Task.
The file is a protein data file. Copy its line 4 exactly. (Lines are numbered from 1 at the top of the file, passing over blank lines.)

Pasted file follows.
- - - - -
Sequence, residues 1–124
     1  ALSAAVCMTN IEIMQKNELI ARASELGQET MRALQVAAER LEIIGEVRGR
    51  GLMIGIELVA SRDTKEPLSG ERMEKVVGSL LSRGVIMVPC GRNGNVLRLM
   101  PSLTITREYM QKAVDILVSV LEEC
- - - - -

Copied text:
   101  PSLTITREYM QKAVDILVSV LEEC